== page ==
One of the radio-monitored lynx, a male named Lukáš; author: Martin DuľaOne of the radio-monitored lynx, a male named Vendelín; author: Martin DuľaRadio-monitored lynx males Lukáš and Vendelín; author: Martin Duľa


"The Eurasian lynx lead a secretive life, so the data on their movements through the landscape can help us significantly in their protection. Maintaining and improving landscape connectivity will benefit not only lynx but other animals as well. Unfortunately, the transport infrastructure is not the only threat for the lynx in the Beskydy Mountains; poaching also remains a major problem," stated František Jaskula from the Nature Conservation Agency of the Czech Republic, head of the Beskydy Protected Landscape Area Administration.

The tracking collars used for the telemetric monitoring are pre-set for a certain period. Therefore, the animals do not have to be recaptured to remove the tracking device. "All five lynx are in good condition and succesfully hunting. After a certain time, the collar will automatically open and fall off," concludes Duľa.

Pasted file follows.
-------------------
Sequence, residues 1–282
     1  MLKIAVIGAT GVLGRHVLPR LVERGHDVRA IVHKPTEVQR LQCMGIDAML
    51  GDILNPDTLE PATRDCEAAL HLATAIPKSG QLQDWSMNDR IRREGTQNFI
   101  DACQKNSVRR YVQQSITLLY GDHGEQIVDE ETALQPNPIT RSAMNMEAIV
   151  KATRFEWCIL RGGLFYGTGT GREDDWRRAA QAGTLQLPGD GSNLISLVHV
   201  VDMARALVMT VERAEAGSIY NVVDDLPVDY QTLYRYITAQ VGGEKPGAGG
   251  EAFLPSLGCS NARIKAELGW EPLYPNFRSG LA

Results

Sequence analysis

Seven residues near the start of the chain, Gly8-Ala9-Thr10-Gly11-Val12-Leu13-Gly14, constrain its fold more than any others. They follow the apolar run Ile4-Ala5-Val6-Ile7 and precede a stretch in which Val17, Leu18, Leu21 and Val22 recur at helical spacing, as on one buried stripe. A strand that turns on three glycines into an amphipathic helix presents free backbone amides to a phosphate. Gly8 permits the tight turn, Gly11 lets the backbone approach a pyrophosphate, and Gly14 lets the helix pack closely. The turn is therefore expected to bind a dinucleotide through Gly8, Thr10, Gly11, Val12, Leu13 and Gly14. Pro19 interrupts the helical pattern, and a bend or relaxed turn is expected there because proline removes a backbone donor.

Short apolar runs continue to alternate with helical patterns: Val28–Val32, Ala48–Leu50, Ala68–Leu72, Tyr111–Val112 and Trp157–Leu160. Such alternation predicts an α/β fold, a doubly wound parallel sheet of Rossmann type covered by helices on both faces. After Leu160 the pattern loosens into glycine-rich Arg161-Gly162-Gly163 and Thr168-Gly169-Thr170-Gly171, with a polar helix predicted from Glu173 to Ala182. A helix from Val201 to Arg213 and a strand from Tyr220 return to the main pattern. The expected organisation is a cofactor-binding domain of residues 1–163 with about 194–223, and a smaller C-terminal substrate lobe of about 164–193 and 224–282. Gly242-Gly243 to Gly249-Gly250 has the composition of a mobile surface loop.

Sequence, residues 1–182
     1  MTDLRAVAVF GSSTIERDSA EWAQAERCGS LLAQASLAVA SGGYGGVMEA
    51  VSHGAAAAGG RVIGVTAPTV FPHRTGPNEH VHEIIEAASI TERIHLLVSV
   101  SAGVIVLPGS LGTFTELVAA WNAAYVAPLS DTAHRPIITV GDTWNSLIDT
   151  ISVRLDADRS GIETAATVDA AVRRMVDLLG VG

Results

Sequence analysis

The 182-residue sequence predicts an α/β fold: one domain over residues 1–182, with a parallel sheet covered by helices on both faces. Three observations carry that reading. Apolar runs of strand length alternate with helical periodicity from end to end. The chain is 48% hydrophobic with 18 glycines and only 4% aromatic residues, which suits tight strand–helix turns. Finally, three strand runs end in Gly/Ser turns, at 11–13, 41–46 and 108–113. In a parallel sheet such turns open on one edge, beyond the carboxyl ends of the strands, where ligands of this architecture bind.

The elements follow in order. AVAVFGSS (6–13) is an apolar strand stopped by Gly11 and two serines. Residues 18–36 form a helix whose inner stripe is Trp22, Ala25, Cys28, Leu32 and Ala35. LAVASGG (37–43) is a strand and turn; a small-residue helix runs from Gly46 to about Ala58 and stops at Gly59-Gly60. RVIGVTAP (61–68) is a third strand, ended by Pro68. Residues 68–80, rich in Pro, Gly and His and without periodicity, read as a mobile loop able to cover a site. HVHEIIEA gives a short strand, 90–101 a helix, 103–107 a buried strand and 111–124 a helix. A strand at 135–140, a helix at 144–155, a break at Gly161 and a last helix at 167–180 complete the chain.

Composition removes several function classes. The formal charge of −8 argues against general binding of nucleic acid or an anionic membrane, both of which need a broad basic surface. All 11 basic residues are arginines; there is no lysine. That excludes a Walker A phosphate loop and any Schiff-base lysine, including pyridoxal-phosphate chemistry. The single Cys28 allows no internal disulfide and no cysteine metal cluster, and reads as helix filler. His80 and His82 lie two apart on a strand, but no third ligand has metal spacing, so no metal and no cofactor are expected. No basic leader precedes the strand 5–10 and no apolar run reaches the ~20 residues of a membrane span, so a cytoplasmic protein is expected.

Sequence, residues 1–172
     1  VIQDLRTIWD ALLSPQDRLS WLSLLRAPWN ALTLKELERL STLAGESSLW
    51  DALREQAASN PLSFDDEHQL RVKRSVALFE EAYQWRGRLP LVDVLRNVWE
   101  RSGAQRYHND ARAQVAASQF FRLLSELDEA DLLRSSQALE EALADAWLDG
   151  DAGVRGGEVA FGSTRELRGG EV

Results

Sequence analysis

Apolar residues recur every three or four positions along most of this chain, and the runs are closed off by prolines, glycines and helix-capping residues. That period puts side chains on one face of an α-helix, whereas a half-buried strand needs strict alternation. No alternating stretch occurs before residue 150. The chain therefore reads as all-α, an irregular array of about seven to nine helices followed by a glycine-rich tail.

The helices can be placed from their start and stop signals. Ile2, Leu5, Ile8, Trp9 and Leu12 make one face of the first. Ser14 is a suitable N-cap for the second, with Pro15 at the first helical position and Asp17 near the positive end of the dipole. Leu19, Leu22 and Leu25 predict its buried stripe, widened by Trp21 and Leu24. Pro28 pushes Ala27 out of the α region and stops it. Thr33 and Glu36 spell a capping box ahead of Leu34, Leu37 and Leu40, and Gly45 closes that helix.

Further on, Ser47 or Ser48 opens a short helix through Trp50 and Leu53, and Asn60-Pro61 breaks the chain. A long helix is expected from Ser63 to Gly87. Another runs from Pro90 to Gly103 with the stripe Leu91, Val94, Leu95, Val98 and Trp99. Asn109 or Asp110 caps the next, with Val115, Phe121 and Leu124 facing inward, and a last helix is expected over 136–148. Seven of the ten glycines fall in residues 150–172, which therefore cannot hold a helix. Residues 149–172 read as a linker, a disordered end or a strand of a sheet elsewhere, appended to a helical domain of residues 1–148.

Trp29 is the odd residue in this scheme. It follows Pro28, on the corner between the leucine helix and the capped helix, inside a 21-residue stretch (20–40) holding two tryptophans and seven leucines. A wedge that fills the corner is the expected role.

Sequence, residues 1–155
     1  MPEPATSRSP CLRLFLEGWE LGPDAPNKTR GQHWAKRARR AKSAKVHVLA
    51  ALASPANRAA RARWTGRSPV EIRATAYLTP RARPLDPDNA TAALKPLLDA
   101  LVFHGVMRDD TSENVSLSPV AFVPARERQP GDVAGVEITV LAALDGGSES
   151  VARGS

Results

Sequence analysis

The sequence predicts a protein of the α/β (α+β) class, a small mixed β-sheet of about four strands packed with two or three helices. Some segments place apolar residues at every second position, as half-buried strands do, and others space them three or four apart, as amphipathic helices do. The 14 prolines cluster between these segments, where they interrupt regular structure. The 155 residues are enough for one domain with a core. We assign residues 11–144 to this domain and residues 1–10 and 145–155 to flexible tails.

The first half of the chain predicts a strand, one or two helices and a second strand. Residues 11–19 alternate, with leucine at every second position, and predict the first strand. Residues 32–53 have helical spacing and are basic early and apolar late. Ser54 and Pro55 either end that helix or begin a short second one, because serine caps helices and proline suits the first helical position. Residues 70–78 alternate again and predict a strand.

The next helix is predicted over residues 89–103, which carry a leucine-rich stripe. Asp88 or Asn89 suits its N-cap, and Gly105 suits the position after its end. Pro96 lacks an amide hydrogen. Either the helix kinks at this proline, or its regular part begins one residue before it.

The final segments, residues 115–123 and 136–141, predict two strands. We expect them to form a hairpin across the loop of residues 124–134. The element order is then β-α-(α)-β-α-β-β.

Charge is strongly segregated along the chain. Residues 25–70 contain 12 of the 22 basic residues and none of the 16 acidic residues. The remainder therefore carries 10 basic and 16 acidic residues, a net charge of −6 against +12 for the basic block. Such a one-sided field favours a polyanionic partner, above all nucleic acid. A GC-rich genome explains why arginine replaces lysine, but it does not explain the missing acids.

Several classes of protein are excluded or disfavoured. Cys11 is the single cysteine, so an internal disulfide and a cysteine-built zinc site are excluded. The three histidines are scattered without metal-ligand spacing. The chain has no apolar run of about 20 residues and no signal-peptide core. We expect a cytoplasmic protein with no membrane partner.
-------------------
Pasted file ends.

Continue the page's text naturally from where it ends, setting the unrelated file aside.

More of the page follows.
Watch at YouTube: the footage of the male Lukáš with the prey.



Telemetry will also provide valuable information for the international SaveGREEN project

Wildlife road deaths are one of the consequences of declining landscape permeability, but the isolation of fragile populations represents an even greater risk. It can reduce the reproductive success of key species and thus threaten the viability of entire ecosystems. The SaveGREEN project focuses on this problem in the Carpathians and Danube region. [3] It aims to promote the best solutions for the protection of ecological corridors. Within the project, Hnutí DUHA Olomouc (Friends of the Earth Czech Republic) wants to develop, among other things, examples of good practice in the protection of landscape permeability in the Beskydy - Kysuce pilot area (CZ-SK). The experience can then be transferred to other areas of the Czech Republic.